DNA Rrigami, Biosensing, Drug Delivery, Nanoparticles, Nanopores
RCSI’s Ofﬁce of Research and Innovation Seed Fund Award (Grant Number GR 14–0963) and RCSI’s Summer Research School Programme; Science Foundation Ireland (SFI) under Grant Number SFI/12/RC/2278; and the European Union for a Marie Curie European Reintegration Grant under H2020 (Project Reference 659715). C.R.L. is a recipient of a National Institutes of Health T32 Award in Oncology Training Fellowship at The Ohio State University Comprehensive Cancer Center, 5T32CA009338–37. C.E.C. acknowledges the National Science Foundation (NSF) under Grant CMMI-1235060 and the Center for Emergent Materials at The Ohio State University, an NSF Materials Research Science and Engineering Center (Award DMR-0820414).
DNA origami is a DNA-based nanotechnology that utilizes programmed combinations of short complementary oligonucleotides to fold a large single strand of DNA into precise 2D and 3D shapes. The exquisite nanoscale shape control of this inherently biocompatible material is combined with the potential to spatially address the origami structures with diverse cargoes including drugs, antibodies, nucleic acid sequences, small molecules, and inorganic particles. This programmable flexibility enables the fabrication of precise nanoscale devices that have already shown great potential for biomedical applications such as: drug delivery, biosensing, and synthetic nanopore formation. Here, the advances in the DNA-origami field since its inception several years ago are reviewed with a focus on how these DNA-nanodevices can be designed to interact with cells to direct or probe their behavior.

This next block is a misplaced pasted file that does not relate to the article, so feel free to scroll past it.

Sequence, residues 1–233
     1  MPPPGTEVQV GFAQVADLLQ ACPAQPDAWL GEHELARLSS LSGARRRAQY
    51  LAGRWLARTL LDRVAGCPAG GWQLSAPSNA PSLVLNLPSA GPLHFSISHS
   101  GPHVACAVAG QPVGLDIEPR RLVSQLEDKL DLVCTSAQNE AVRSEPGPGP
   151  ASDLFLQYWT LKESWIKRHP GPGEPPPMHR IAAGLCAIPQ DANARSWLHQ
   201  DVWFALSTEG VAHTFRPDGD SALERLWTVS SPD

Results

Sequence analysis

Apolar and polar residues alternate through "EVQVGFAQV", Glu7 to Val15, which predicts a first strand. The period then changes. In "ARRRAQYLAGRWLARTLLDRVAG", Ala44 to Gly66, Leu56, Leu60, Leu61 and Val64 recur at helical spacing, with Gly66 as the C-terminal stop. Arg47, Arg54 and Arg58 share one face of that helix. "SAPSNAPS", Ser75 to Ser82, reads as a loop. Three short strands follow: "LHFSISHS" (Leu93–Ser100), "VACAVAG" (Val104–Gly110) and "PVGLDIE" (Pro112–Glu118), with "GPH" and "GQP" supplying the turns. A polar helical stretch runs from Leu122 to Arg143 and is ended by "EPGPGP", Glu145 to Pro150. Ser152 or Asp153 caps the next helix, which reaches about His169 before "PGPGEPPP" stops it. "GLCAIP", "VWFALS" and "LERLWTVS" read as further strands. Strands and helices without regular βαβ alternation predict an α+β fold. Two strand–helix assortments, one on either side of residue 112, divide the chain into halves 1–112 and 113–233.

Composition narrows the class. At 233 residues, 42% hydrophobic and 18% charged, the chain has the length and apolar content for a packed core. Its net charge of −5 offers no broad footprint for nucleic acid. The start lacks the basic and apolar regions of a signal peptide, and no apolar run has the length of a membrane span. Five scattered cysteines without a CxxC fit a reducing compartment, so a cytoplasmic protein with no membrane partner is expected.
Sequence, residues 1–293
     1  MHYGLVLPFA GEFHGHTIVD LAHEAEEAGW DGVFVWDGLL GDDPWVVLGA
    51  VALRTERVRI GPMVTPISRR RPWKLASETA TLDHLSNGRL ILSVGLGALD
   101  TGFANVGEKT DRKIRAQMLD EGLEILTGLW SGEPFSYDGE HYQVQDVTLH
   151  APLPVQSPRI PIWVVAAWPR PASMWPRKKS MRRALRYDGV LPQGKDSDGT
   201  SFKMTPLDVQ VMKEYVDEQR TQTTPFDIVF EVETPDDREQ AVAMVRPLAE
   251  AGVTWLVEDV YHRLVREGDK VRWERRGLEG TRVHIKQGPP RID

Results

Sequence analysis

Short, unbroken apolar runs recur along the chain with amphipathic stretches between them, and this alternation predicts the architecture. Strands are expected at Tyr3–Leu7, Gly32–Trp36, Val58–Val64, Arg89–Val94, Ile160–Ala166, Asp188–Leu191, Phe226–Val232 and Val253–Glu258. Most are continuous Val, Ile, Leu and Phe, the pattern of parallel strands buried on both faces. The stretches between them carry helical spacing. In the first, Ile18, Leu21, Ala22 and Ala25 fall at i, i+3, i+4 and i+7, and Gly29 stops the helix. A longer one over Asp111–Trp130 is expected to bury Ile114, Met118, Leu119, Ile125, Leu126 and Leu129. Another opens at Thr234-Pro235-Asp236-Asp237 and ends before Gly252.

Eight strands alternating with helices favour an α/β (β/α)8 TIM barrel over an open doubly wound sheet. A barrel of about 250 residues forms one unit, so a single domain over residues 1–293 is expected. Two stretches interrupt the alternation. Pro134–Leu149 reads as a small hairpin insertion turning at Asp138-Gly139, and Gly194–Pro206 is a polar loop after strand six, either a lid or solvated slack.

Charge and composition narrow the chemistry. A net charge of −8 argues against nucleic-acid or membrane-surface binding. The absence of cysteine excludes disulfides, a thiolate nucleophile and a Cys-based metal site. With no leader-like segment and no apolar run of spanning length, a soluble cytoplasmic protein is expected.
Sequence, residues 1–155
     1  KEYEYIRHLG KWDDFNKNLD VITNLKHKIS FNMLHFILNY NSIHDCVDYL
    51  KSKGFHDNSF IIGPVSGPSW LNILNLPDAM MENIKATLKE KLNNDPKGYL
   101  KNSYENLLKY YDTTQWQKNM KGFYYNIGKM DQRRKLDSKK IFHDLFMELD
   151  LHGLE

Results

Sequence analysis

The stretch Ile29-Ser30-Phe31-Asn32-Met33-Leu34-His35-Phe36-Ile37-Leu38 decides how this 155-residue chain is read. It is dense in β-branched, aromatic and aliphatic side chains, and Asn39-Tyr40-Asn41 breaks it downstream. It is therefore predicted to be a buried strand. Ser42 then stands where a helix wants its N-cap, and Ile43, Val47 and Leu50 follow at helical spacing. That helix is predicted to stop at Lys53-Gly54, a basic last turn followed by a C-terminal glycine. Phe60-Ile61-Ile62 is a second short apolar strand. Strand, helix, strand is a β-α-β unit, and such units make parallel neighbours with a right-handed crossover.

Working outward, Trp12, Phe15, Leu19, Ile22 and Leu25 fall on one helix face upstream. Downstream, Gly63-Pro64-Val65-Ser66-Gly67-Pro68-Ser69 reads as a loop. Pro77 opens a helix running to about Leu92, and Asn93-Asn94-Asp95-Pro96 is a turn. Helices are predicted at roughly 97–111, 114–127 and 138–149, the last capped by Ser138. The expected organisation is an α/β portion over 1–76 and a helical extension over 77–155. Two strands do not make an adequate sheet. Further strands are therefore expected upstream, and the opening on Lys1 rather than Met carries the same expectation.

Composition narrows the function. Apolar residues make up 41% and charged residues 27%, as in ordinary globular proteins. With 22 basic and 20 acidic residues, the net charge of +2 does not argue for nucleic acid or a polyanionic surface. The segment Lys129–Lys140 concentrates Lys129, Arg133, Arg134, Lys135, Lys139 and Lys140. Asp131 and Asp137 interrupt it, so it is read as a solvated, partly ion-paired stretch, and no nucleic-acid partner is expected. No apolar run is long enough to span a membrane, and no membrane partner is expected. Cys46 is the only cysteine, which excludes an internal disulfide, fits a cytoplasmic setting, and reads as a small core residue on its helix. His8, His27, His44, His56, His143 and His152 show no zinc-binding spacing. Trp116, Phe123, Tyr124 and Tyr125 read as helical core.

Kearney CJ, Lucas CR, O'Brien FJ, Castro CE. DNA Origami: Folded DNA-Nanodevices That Can Direct and Interpret Cell Behavior. Advanced Materials. 2016;28(27):5509-24.
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